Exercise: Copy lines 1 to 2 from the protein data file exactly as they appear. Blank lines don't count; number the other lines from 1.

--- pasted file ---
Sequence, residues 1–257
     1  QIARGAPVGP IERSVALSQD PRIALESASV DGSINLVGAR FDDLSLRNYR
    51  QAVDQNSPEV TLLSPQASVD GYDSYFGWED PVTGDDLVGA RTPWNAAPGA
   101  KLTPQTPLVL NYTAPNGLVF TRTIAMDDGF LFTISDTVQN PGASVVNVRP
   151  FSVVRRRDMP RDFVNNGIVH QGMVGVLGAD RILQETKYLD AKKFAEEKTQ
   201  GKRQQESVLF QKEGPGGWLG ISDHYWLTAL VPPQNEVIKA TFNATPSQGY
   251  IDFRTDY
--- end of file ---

Sequence, residues 1–257
     1  QIARGAPVGP IERSVALSQD PRIALESASV DGSINLVGAR FDDLSLRNYR